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Tobacco Control Experts Claim Vaping Products Are Harmful and Do Not Help Smokers Quit

The European Respiratory Society (ERS) Tobacco Control Committee, an international group of respiratory doctors and scientists, recently issued a statement warning that tobacco harm reduction strategies that involve the use of alternatives like electronic cigarettes do not work and are based on undocumented claims.

Seemingly ignoring the dozens of studies that have come out in the last few years, the members of ERS claim that there is a lack of proof that e-cigarettes can help smokers quit, arguing instead that there is growing evidence that such products are harmful to our health. As a result, they are asking policymakers and public health officials to reconsider programs that encourage smokers to switch to vaping as a less harmful alternative to tobacco cigarettes.

“Tobacco harm reduction strategies are based on incorrect assumptions that smokers cannot or will not quit smoking, but in reality, the majority of smokers want to quit and they dislike being nicotine dependent,” said Charlotta Pisinger, Chair of the ERS Tobacco Control Committee and clinical professor of tobacco control at Bispebjerg and Frederiksberg Hospital and University of Copenhagen, Denmark. “Most of the new products, including heated tobacco and e-cigarettes, are devices of nicotine inhalation, and therefore do not help smokers to beat their addiction to nicotine.”

“There is also a lack of evidence to support the claims that e-cigarettes are more effective than established smoking cessation medications or nicotine replacement therapies, but the few independent studies that have been published indicate that e-cig and heated tobacco device use undermines quit attempts outside of a clinical setting, and show that most people use alternative nicotine delivery products alongside conventional cigarettes, rather than as a replacement,” Pisinger added.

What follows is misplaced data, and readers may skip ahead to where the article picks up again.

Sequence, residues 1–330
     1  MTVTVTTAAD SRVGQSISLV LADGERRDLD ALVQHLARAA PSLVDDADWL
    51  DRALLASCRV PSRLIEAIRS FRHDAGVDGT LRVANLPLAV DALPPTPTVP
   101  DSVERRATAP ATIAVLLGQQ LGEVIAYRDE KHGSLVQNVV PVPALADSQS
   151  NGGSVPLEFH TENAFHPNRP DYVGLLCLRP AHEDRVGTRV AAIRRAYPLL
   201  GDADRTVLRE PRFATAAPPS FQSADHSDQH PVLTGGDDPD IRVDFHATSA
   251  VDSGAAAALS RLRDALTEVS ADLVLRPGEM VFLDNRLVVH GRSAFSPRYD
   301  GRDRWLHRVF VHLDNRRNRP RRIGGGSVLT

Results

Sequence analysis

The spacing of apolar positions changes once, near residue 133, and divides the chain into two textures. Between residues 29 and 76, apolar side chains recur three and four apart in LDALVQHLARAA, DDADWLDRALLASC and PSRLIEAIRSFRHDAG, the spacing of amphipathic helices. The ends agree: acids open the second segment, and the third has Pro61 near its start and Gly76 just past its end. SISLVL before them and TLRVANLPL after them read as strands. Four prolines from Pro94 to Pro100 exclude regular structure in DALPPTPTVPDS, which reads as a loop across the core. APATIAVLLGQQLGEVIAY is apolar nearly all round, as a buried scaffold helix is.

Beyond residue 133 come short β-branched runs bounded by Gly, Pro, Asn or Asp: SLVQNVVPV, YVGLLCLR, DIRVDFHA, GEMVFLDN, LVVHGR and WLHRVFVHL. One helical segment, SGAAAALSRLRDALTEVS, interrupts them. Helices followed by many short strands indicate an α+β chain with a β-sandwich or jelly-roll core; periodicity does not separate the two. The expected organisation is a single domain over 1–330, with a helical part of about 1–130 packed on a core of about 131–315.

The statement put out by the ERS argues that there have been very few clinical trials to verify whether vaping products are more effective than traditional nicotine replacement therapy, and that the studies conducted so far either show no real difference between e-cigarettes and NRTs, or suggest that vaping actually undermines smoking cessation. Citing a prospective study conducted in the UK, which showed that e-cigarette use is associated with an increased rate of attempts to quit smoking, but not smoking cessation, the authors claim that because vaping is promoted as a “safe” way to consume nicotine, it can actually discourage cessation.

“In conclusion, there is lack of evidence proving the effect of alternative nicotine delivery products as effective smoking cessation tools. In a real – life setting, use seems to undermine smoking cessation instead,” the statement reads.

ERS members also claim that a majority of vapers are actually dual-users (continue to smoke tobacco as well), which they say offers no benefit to their health, and may indeed cause more harm due to exposure to toxicants not previously designated as harmful, such as those in e-liquid flavorings.

“In conclusion, most persons use alternative nicotine delivery products as a supplement to conventional cigarettes, not as an alternative to smoking. Therefore, there will be no health benefit for the majority of smokers, and for some there might even be an increased risk of harm,” the members of the committee write.
But even in cases where smokers manage to completely switch to vaping, the danger of significant harm to health is very high, according to the ERS statement. Because some studies have shown that e-cigarettes vapor contains traces of metals, it can cause acute endothelial cell dysfunction and promote formation of reactive oxidative stress/inflammation, as well as DNA damage and mutagenesis. Furthermore, some in vivo studies and animal experiments have shown that e-cigarette aerosol can cause airway inflammation and impairment in lung function. Human studies have shown airway obstruction and dysregulation in normal human lung homeostasis after short-term inhalation, as well as asthma exacerbation, increased coughing and wheezing. The long-term effects of vaping are unknown, but the ERS believes that the evidence we currently have shows that vaping is hazardous to our health.